These Central Valley sheep are happily munching on sprouted barley grown indoors. Farmer Mario Daccarett says the barley, grown in shipping containers, is sweet and keeps his sheep full longer. Ezra David Romero/Valley Public Radio hide caption

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Ezra David Romero/Valley Public Radio

With Water In Short Supply, One California Farmer Grows Feed Indoors

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Officials found the toxin microcystin in the blue-green algae present at Discovery Bay, Calif. For people exposed to the toxin, symptoms include dizziness, rashes, fever, vomiting and in more unusual cases, numbness. Lesley McClurg/KQED hide caption

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Lesley McClurg/KQED

Poisonous Algae Blooms Threaten People, Ecosystems Across U.S.

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A car destroyed by the Soberanes fire in Big Sur, Calif. Lodge managers and cafe owners there are facing cancelled bookings after fire officials warned that crews will likely be battling the fire for another month. Terry Chea/AP hide caption

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Terry Chea/AP

Firefighters battle part of the Sand Fire after flames jumped across a road in Santa Clarita, Calif., on Sunday. As the blaze changed direction multiple times over the weekend firefighters were forced to retreat and thousands of people have been evacuated from their homes. David McNew/Getty Images hide caption

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David McNew/Getty Images

A view of downtown Los Angeles as seen from Hollywood in November 2015. California faces permanent water restrictions, ordered Monday by Gov. Jerry Brown, in its fifth year of drought. Robyn Beck/AFP/Getty Images hide caption

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Robyn Beck/AFP/Getty Images

The city of Fort Bragg, Calif., has ordered restaurants to drastically reduce the amount of dishwashing by serving customers with disposable plates, cups and flatware. Emily Bogle/NPR hide caption

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Emily Bogle/NPR

Students sort grapes at the University of California, Davis research winery. The winery is experimenting with various methods to conserve water. The hope is that commercial wineries will follow suit. Courtesy of Karen L Block/UC Davis hide caption

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Courtesy of Karen L Block/UC Davis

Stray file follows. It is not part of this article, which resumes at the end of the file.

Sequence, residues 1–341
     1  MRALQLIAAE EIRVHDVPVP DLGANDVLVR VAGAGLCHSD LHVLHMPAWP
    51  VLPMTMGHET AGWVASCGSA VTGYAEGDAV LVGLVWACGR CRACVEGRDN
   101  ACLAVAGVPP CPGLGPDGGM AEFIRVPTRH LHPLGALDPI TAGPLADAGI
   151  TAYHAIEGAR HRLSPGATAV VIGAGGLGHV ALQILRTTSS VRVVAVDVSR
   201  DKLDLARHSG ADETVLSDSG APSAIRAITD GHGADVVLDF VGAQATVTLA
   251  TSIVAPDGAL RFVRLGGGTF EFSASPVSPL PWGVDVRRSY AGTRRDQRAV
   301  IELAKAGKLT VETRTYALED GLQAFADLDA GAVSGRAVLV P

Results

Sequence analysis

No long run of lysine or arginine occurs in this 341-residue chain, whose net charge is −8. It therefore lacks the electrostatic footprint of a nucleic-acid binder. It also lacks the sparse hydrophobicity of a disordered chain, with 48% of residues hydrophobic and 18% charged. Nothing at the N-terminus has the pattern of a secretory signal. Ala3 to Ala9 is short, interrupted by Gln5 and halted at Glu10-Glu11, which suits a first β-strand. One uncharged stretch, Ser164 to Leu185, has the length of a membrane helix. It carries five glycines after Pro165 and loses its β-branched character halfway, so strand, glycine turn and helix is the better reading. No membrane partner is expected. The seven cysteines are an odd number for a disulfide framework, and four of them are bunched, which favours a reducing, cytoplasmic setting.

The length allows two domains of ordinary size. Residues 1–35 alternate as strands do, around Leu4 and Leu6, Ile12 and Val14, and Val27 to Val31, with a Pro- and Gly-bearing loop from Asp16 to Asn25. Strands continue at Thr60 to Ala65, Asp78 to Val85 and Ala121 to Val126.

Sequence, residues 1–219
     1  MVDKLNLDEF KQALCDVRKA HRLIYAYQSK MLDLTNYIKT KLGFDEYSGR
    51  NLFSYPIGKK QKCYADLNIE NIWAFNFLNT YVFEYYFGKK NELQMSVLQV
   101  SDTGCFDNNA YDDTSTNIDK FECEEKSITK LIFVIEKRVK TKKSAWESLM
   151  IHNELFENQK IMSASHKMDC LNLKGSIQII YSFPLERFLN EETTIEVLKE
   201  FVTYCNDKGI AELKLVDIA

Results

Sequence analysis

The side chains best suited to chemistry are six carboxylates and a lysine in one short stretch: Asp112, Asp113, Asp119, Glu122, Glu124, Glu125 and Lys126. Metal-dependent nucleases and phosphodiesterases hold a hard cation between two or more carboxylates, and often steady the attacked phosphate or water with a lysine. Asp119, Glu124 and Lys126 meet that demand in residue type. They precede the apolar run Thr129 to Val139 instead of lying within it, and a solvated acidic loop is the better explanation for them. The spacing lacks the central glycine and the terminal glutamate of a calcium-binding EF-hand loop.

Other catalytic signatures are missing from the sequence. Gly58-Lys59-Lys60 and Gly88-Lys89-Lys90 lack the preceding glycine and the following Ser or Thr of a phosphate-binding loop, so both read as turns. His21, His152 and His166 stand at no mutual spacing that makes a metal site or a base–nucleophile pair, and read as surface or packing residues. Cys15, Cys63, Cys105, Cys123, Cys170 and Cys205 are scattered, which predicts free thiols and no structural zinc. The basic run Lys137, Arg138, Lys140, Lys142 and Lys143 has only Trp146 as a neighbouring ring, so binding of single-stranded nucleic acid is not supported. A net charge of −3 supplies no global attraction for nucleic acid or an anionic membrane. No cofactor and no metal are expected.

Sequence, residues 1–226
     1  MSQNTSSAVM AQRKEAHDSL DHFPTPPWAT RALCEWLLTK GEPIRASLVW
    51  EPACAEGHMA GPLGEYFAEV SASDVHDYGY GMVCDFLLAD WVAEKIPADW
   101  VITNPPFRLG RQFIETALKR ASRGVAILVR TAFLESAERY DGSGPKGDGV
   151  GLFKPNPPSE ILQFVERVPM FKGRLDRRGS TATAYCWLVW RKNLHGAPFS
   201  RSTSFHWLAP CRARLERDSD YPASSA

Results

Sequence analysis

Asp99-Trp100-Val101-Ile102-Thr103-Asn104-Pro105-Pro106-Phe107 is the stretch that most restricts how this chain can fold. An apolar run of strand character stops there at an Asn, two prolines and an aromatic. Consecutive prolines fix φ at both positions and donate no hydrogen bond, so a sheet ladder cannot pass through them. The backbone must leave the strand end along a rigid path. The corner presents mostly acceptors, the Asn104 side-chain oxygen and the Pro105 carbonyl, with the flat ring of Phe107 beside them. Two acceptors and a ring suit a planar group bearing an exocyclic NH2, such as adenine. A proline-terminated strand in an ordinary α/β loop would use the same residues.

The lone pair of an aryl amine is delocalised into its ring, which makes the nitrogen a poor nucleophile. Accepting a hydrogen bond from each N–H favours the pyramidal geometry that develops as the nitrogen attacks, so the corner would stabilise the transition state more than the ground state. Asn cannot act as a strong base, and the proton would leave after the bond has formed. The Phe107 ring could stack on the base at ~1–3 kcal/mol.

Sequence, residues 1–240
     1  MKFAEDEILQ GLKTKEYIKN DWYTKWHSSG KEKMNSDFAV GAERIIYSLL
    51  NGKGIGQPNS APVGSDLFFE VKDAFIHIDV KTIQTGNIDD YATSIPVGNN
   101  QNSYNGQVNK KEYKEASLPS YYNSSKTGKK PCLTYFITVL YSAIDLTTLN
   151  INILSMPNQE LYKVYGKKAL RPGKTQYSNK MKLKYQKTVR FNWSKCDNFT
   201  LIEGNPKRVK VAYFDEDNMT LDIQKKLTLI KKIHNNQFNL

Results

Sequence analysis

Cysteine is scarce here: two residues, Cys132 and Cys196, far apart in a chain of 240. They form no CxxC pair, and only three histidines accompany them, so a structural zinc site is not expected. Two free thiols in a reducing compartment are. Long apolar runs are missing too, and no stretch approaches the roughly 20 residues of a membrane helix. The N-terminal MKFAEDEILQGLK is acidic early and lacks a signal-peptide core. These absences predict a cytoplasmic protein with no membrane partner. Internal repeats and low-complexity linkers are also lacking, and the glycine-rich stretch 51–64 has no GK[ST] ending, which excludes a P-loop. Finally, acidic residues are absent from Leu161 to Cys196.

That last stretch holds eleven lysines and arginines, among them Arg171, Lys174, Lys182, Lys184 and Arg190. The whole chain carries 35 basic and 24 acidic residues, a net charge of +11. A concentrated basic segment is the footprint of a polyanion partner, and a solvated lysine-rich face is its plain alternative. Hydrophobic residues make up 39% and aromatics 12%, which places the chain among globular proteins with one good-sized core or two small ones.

Paul Mesple is a fig farmer near the Central Valley town of Chowchilla, Calif. He and his partner farm around 2,000 acres of figs. Ezra David Romero/Valley Public Radio hide caption

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Ezra David Romero/Valley Public Radio

Dry conditions in California have limited the amount of pollen and nectar bees can collect. Ezra David Romero/Valley Public Radio hide caption

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Ezra David Romero/Valley Public Radio

Drought Is Driving Beekeepers And Their Hives From California

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This year, many of the pistachios grown in California's San Joaquin Valley are missing the green, fatty meat that nut lovers crave. Instead, they're empty inside, the result of drought, heat and weather pattern changes that have messed with pistachio tree fertilization. Kreg Steppe/Flickr hide caption

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Kreg Steppe/Flickr

Almonds hang from a branch at an orchard in Firebaugh, Calif. Despite the strain of prolonged drought, in 2014, California farms sold $54 billion worth of crops like almonds or grapes, and animal products like milk. Justin Sullivan/Getty Images hide caption

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Justin Sullivan/Getty Images

Despite The Drought, California Farms See Record Sales In 2014

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Strawberry pickers in Watsonville, Calif. Many farmworkers in the state are out of work because of the severe drought. Those who do have a job are often working harder for less money. Lesley McClurg/For NPR hide caption

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Lesley McClurg/For NPR

Farmworkers See Jobs, Earnings Shrivel In California Drought

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UC Berkeley tree biologist Wendy Baxter is about to begin her ascent of a giant sequoia. Ezra David Romero/Valley Public Radio hide caption

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Ezra David Romero/Valley Public Radio

To Measure Drought's Reach, Researchers Scale The Mighty Sequoia

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